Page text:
Dave Swarthout; The Hairitage  Barber Shop

To The Editor:

You made several valued points in your commentary on Oct. 3.  However, the attack on John Jennings wasn’t one of them.    

I first met Mr. Jennings just a month ago following my own public comment regarding Johnny’s Outback being too close to the elementary school.  

I’ve since learned that Jennings spent a 23 year career in San Antonio law enforcement.  He’s a devout family man with integrity, intelligence and a passion to follow the law and do what’s right.  Like any other citizen in our democracy, Jennings has the right to his freedom of expression/speech and to protect his property rights to every extent permitted by law.  Within these constitutional, state and local rights (and laws),  he spoke publicly in order to hold elected officials accountable for real or perceived ignorance to ordinances, permits, and zoning rules already on the books.  

Now Jennings himself has been vilified and publicly accused of slandering, harassing and lying -  though homebuilder Jim Boynton,  who spoke immediately prior to Jennings at the 9/19 Aldermen meeting, lodged the exact same public grievance as Jennings, complete with his own supporting documentation.  

The bar for slander/defamation of government officials is appropriately high and occurs only if statements were made with “actual malice”.  This wasn’t the case for Jennings or Boynton.   

Further, it shouldn’t matter whether Jennings has lived here two months or twenty years, or whether he brings two hundred dollars or twenty thousand dollars to the village coffers.  Neither he nor his surrounding neighbors’ voices should be diminished or dismissed by their spent time here or money contributed to the tax base.  Jennings is a citizen with equal rights under the law and he’s proudly served his community by putting his life on the line to serve and protect for 23 years.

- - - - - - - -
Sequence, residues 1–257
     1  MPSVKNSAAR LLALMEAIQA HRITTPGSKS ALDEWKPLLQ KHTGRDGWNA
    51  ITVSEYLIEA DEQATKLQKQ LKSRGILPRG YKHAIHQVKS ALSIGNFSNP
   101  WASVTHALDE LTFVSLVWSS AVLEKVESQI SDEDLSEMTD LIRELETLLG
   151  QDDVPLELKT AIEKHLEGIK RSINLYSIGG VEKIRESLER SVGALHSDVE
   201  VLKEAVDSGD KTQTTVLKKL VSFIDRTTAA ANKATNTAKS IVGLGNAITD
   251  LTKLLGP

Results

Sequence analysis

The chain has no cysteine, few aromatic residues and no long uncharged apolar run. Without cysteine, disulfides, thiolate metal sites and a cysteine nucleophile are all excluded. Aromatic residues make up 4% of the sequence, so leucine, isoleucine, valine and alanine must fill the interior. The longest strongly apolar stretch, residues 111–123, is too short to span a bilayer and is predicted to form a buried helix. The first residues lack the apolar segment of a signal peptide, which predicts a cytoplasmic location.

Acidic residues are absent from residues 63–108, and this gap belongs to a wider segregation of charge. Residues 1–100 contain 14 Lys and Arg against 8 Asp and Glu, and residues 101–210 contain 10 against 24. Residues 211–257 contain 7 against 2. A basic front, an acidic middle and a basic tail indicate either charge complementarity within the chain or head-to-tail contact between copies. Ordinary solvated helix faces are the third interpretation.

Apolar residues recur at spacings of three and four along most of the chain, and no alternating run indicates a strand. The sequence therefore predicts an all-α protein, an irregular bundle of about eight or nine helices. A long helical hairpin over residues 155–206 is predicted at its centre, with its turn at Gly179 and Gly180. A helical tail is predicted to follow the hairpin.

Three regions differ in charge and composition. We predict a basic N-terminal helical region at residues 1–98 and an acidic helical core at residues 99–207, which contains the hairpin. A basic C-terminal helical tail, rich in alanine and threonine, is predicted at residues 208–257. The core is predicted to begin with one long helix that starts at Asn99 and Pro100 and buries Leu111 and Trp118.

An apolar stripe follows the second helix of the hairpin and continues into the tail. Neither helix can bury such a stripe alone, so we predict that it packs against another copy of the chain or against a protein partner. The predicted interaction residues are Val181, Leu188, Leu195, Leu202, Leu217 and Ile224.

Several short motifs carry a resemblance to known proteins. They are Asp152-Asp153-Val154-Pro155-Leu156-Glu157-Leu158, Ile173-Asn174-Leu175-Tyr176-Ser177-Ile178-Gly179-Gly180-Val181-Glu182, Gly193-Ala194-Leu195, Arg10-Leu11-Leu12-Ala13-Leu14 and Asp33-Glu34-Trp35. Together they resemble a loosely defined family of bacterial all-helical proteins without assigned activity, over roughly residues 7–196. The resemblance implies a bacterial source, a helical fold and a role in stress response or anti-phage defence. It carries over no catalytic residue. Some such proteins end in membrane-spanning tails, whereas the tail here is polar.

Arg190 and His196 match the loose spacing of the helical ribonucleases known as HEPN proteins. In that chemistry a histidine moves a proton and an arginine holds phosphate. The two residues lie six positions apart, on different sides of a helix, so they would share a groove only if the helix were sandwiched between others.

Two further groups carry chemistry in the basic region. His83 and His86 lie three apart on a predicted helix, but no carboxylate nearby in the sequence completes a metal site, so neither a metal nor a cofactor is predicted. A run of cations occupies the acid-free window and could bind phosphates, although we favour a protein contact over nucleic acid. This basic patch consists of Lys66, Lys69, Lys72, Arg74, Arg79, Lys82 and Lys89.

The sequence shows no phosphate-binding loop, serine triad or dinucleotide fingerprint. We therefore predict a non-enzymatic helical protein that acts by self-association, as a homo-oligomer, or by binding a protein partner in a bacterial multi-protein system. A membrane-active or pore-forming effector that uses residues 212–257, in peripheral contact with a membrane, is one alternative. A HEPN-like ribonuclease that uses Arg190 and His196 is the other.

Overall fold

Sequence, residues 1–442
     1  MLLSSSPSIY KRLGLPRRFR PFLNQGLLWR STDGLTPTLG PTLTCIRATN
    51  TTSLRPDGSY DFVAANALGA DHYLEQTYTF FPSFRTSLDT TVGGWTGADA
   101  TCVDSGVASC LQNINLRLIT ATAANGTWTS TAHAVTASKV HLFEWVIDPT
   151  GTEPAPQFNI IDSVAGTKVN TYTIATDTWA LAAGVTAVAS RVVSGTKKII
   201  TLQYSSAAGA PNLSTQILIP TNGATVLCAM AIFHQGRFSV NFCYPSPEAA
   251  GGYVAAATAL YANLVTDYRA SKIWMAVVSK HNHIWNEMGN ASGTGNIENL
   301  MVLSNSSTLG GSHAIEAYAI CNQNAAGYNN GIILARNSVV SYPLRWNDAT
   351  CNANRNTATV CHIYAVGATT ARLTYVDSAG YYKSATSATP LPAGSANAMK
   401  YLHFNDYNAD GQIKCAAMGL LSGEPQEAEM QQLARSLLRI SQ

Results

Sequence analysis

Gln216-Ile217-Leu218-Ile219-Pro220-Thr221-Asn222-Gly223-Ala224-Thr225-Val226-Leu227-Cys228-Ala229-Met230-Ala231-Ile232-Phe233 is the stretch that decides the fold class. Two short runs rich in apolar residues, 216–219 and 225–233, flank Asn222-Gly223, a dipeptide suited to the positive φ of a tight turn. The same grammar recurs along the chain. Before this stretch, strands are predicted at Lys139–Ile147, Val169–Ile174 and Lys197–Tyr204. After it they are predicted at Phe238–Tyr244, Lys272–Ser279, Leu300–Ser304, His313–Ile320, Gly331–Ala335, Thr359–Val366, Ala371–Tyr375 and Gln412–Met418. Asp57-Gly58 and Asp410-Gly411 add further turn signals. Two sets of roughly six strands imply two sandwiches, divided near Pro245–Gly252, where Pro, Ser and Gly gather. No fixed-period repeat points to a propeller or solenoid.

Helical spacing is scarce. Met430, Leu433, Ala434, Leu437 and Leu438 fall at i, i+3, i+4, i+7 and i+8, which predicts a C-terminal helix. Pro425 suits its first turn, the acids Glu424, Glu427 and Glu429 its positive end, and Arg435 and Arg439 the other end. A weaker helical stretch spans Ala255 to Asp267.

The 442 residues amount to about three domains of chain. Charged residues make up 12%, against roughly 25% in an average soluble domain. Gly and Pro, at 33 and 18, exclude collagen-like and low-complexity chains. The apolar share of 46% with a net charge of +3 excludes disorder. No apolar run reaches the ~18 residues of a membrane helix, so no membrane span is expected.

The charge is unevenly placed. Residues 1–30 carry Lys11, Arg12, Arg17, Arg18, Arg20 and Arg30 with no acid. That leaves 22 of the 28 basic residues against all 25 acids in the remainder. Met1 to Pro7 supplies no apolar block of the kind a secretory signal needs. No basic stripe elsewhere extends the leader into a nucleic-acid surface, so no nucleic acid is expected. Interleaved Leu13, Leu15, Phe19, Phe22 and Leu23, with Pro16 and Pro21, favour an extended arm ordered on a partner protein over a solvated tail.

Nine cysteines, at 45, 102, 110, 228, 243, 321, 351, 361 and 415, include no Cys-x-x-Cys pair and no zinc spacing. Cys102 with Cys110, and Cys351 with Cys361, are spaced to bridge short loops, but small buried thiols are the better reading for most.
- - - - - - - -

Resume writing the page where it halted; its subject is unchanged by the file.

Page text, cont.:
He deserves better…   

Brian Sunshine 


To the Editor:

Mr. Fleischer began with an interesting and informative commentary on “What Is Wrong here” (Village Voice –Oct 3rd) referring to Salado. What was surprising was that he decided to attack me personally toward the end of the article leaving the reader with the impression that among other things I’m part of the problem.

Mr. Fleischer was reacting to a presentation I’d given at the Board of Alderman meeting on Sept 19, calling for the resignation of the Mayor Danny McCort. My comments and evidence, including incriminating pictures, were pointed directly to the Mayor and never intended to besmirch the reputations of any business owners, who could have been led to believe it must be legal if the Mayor was supervising their project.

In fact, after my presentation, two Aldermen immediately commended me. The new Village Administrator, who the Board respects, called me directly the following week and we had a productive conversation about the new direction of Salado. In the very next BOA workshop the main topic was taking away the authority of the Mayor to issue and make decisions on building permits. That is currently in the works.